Opinion 631

Does a district attorney violate provisions of the Texas Disciplinary Rules of Professional Conduct by publishing the names of persons charged with driving while intoxicated?
A district attorney proposes to publish on his office’s website the names of persons charged with driving while intoxicated (“DWI”) during a holiday period.  It is proposed to announce the decision at a press conference called by the district attorney that will be widely publicized. The stated purpose for posting the names is to serve as a general deterrent to discourage individuals from operating a motor vehicle while under the influence of alcohol or drugs.
Rule 3.09 of the Texas Disciplinary Rules of Professional Conduct specifically imposes special responsibilities on prosecutors in criminal cases and requires prosecutors to do more than simply be advocates in adjudicatory proceedings.  Prosecutors are required “to see that justice is done[.]”  Comment 1 to Rule 3.09. Prosecutors are also subject to the requirements of Rules 3.03 through 3.08, which are applicable to all lawyers, with respect to protecting the fairness of adjudicatory proceedings. In the circumstances considered, even though the district attorney’s stated purpose is to influence the public in general and to discourage illegal activity, the potential effect on accused persons and on the district attorney’s responsibilities must be considered.
Rule 3.09(a) requires that a prosecutor “refrain from prosecuting or threatening to prosecute a charge that the prosecutor knows is not supported by probable cause[.]” 
Rule 3.09(e) requires a prosecutor to “exercise reasonable care to prevent persons employed or controlled by the prosecutor in a criminal case from making an extrajudicial statement that the prosecutor would be prohibited from making under Rule 3.07.” Rule 3.07(a) prohibits lawyers, including prosecutors, from making “an extrajudicial statement that a reasonable person would expect to be disseminated by means of public communication if the lawyer knows or reasonably should know that it will have a substantial likelihood of materially prejudicing an adjudicatory proceeding.” Subparagraphs (1) and (4) of Rule 3.07(b) provide that ordinarily a lawyer will violate the general standard of Rule 3.07(a) if a publicly disseminated statement refers to the character or reputation of a suspect or expresses any opinion as to guilt or innocence of a defendant in a criminal case that could result in incarceration. However, Rule 3.07(c)(8) provides that ordinarily disclosure of the identity of the accused in a criminal proceeding will not constitute a violation of Rule 3.07(a).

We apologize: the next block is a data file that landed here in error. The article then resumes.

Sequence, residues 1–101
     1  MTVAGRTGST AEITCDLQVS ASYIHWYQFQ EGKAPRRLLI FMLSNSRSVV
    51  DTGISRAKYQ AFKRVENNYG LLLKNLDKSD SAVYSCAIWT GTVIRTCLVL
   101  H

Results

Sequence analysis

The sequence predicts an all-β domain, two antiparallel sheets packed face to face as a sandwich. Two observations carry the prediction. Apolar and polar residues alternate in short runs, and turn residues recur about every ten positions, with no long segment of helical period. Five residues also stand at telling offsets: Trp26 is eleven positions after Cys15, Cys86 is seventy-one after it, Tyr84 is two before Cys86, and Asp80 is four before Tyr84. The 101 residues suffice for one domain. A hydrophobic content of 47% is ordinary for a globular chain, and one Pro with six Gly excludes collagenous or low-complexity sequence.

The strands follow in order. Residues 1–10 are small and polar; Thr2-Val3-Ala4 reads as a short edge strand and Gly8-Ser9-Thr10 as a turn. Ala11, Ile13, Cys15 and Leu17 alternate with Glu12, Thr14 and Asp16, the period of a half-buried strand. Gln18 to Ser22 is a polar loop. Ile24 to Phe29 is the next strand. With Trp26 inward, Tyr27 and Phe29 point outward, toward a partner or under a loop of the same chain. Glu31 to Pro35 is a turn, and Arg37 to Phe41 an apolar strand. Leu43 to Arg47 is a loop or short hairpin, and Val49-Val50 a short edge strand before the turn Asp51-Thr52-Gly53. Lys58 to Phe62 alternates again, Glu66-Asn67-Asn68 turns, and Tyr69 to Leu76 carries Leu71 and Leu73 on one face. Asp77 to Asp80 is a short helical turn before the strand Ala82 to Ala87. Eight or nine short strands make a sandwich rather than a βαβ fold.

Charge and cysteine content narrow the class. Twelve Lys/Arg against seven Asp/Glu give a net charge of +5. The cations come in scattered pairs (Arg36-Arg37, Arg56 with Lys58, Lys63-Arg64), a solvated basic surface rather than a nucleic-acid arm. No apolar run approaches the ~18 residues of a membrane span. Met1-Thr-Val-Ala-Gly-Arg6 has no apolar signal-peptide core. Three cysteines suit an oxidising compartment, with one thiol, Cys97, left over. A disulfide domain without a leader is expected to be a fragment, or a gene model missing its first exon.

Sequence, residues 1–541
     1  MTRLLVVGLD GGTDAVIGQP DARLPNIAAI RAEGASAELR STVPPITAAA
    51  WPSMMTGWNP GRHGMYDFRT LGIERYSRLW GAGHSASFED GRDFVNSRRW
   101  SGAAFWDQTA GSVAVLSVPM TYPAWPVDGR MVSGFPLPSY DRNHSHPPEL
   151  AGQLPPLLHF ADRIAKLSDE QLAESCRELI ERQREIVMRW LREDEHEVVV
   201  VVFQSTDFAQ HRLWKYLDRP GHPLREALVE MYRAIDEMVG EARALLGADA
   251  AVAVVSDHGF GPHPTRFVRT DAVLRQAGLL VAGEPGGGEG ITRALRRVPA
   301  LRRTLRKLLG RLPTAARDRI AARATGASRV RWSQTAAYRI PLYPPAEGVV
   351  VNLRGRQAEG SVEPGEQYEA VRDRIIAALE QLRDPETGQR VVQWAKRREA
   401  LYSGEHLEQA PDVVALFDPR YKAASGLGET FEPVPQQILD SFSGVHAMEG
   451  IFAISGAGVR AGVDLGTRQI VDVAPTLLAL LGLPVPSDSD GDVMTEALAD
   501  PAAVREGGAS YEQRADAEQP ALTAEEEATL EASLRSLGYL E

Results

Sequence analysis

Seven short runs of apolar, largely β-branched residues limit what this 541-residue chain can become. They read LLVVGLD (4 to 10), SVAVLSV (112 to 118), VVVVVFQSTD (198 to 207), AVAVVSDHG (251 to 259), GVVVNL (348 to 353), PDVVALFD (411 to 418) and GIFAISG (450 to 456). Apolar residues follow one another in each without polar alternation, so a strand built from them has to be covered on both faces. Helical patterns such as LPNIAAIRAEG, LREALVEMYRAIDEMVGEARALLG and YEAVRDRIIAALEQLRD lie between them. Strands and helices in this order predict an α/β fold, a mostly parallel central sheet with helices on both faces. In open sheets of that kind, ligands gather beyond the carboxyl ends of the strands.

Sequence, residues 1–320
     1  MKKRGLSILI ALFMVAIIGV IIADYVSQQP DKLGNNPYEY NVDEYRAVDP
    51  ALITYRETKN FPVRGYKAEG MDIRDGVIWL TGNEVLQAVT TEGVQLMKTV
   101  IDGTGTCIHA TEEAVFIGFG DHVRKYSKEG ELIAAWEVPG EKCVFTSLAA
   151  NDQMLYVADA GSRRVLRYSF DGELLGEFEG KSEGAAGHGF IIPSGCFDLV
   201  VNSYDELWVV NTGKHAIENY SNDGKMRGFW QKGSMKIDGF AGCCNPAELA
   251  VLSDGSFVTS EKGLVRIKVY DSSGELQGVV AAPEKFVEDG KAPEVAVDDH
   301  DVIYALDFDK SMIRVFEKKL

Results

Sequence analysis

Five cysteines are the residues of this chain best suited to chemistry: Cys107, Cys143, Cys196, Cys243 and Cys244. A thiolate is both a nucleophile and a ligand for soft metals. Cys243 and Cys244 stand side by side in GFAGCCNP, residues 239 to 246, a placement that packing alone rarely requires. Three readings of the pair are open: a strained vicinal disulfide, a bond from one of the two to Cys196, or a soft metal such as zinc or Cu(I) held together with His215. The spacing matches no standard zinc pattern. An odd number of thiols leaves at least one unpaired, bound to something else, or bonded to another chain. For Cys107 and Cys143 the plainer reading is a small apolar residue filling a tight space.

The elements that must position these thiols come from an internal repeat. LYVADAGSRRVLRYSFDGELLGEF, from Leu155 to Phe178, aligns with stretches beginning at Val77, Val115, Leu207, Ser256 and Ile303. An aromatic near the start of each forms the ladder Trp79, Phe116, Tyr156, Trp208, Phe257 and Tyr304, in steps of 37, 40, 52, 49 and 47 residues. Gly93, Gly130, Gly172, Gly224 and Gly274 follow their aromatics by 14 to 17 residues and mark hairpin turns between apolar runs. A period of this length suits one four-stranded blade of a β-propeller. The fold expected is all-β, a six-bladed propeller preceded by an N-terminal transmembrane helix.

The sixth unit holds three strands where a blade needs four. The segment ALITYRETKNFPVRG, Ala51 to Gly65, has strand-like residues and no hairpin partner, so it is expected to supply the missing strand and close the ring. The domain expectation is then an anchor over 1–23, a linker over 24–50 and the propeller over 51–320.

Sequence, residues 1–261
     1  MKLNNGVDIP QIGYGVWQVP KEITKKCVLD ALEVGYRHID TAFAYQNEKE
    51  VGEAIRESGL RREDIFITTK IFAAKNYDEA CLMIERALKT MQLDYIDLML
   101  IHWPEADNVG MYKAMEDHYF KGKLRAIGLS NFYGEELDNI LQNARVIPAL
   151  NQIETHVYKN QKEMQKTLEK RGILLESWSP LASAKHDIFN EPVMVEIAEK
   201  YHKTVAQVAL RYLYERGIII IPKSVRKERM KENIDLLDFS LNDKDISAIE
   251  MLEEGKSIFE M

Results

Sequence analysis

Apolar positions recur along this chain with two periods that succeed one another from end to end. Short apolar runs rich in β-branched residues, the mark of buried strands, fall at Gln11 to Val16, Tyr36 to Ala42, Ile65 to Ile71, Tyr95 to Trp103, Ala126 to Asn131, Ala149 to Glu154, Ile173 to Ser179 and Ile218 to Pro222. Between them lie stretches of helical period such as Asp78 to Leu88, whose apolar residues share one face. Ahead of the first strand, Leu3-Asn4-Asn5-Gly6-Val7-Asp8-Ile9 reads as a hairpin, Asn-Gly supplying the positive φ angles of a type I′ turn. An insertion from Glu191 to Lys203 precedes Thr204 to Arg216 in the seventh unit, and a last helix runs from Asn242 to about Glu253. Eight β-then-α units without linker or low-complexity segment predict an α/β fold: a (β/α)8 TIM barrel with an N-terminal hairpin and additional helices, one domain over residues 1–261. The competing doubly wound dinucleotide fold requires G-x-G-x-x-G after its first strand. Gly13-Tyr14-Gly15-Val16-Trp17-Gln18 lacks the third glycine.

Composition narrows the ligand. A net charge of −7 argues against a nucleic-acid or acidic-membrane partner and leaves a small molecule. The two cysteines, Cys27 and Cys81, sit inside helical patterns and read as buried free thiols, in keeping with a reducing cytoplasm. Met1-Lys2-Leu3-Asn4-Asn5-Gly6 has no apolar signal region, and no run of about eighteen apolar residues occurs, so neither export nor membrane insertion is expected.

Thus, the proposed posting by the district attorney’s office of the names of persons charged with a crime does not generally violate Rule 3.07 or Rule 3.09.  However, the manner in which the information is posted must also be considered to determine if the posting is in violation of Rule 3.07 because it has the likelihood to materially prejudice the accused or to be interpreted as a statement of opinion as to the accused person’s guilt.
Rule 4.04(a) prohibits lawyers from using “means that have no substantial purpose other than to embarrass, delay, or burden a third person . . . .”  The publication of the names of those charged with DWI during a holiday period in order to publicly embarrass the accused and so deter members of the general public from driving while under the influence of alcohol or drugs does not violate Rule 4.04(a).  In the circumstances here considered, the stated purpose of the disclosure is to discourage people from operating a motor vehicle while intoxicated rather than merely to embarrass those charged.  To avoid violation of Rule 4.04(a), the publication of names must be carried out in a manner that furthers the purpose to discourage persons in the community from driving while intoxicated. Under this standard, there might be a violation of Rule 4.04(a) if the names of one or a few individuals charged, rather than the names all persons charged, were singled out for publication.
A district attorney does not violate the Texas Disciplinary Rules of Professional Conduct when his office publishes the names of all those charged during a holiday period with driving while intoxicated, provided that the charges are based upon probable cause, the publication of names is done for the purpose of deterring others from driving while intoxicated, and the publication of names is not carried out in a way that would be likely to affect adversely the criminal process for those charged.

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